In the year 2054, the ruling fundamentalist Christian Church does not encourage its great artists; it mindwipes them.
August, talented son of an alcoholic father, wants desperately to gain love and recognition through his art, but his paintings of Michelangelo-style nudes are strictly forbidden by the repressive church. When Minister Simon Di Luca threatens to have him mindwiped, he tries to stop painting, but finds that art is his life and soul.
Balancing between his contempt for the church, love for painting and relationship with a revolutionary woman, August is soon faced with choices that will decide his fate. Will protecting his ideals be more important than his life?
Jean Kilczer's The Empty Hands is a provocative look at a dystopian future.
Night hovered over the sweltering summer streets of Rome, held back by the illuminated piazzas, the flashing colored fountains that splashed only bare rock, shorn now of their great Renaissance statues. Eye-of-God globes drifted among strolling people, watching from revolving inner cameras and lights, studying faces, dissecting small talk to find a germ of dissent, dissent against the great Charismatic Fundamentalist Church that ruled the post-apocalyptic Western world with an uneasy hand.
Within the Eternal City, St. Peter's Dome seemed to float serenely in a halo of stars. Its spire reached to the heavens, while the jutting Vatican's buildings stretched down in warped reflections to the heart of the ancient Tiber River.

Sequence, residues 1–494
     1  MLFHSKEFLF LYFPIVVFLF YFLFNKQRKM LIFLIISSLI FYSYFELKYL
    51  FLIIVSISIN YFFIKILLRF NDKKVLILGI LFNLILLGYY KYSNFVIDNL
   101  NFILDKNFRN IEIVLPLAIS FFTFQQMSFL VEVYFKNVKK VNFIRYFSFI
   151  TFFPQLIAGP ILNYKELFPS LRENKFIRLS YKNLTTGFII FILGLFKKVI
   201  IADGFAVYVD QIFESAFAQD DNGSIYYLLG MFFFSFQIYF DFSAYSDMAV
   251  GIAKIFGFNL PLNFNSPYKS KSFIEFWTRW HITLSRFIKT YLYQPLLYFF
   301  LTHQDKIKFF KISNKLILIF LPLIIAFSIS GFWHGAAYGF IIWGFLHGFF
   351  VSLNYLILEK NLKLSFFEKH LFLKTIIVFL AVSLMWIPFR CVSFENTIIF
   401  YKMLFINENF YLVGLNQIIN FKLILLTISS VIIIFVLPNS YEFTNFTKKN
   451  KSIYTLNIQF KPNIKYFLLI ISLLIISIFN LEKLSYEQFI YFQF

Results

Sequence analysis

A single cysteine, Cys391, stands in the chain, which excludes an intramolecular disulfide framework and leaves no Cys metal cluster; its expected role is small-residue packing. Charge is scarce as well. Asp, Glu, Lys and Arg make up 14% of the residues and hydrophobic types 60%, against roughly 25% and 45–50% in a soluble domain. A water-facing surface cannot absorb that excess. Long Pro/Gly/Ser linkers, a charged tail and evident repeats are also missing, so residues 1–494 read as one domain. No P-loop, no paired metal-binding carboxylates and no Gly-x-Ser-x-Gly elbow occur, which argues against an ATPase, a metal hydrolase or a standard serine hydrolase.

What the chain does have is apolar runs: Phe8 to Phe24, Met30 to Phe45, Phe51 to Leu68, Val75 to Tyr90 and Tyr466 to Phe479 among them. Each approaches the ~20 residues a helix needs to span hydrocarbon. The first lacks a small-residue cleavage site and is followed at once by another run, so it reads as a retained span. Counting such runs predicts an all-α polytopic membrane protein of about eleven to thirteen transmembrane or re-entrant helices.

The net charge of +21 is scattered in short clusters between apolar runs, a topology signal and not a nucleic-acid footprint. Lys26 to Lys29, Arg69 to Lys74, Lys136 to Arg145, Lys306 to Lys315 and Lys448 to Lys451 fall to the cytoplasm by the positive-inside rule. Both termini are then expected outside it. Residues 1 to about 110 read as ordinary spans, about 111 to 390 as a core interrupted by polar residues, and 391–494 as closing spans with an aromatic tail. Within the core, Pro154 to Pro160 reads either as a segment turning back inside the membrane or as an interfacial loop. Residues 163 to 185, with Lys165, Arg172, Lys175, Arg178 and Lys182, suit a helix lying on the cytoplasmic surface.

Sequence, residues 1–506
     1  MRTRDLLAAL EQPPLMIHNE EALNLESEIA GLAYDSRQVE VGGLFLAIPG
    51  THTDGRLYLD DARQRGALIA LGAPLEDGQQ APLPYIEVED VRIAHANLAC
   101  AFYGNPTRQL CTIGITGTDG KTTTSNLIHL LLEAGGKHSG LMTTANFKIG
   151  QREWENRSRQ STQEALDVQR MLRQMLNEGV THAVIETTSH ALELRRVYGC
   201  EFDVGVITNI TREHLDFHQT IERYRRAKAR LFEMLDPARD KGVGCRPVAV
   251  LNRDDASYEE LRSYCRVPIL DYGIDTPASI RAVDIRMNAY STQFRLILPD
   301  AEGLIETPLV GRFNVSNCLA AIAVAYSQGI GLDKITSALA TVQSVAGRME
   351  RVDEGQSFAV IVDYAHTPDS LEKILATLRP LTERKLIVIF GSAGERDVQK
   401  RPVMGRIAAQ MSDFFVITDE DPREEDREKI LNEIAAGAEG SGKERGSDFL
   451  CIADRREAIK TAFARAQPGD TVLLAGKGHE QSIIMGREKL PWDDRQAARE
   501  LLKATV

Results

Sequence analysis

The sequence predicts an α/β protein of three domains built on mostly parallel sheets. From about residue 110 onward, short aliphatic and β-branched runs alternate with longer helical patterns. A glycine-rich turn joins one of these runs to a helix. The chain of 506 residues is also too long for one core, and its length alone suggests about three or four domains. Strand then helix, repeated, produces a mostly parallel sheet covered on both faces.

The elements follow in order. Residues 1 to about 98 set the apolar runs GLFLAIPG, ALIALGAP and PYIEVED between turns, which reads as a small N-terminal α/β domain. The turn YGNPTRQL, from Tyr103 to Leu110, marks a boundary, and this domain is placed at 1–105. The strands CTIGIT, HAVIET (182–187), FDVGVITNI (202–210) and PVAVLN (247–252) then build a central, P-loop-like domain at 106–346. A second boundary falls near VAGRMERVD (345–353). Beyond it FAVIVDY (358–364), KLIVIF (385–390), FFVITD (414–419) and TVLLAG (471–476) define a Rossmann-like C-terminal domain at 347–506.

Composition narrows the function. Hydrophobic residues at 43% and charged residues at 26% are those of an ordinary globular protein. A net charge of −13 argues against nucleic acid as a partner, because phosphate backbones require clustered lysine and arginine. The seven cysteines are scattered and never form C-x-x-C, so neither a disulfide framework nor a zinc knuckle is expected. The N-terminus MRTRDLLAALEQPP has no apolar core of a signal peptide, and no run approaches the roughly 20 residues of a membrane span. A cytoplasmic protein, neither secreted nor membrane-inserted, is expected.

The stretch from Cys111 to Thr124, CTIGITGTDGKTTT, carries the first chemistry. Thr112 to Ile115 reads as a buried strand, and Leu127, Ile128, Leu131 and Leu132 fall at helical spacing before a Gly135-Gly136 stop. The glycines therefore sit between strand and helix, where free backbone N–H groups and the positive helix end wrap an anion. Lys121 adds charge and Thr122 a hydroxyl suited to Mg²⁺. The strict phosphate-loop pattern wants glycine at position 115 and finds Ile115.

A huge candle of light suddenly blossomed above an exploding Vatican building. Laced with curls of smoke, it roiled into the night sky. The blast rattled windows as it thundered across Rome. People on the street stood frozen in their steps. Some screamed and ran for the cover of buildings. The Eye-of-God globes rose and sped toward the billowing flames like white moths attracted to flame.
Four black-clad figures wearing ski masks, lit behind by the blaze, raced across the Vatican grounds and leaped a wall to an outside street. An anonymous-looking car idled at the curb.
One of the four paused by a sign spread across the wall:
BLESSED ARE THE BORN AGAIN.
“Come on, Paul!” a black-clad woman called to him as the whine of vaccopters grew to shrieks above Vatican City.
Paul pulled out a can of paint from his backpack. “Go, Monique!” he shouted and sprayed NORM in red letters across the sign.
Monique threw herself into the back seat of the car as vaccopters whined above the Vatican buildings.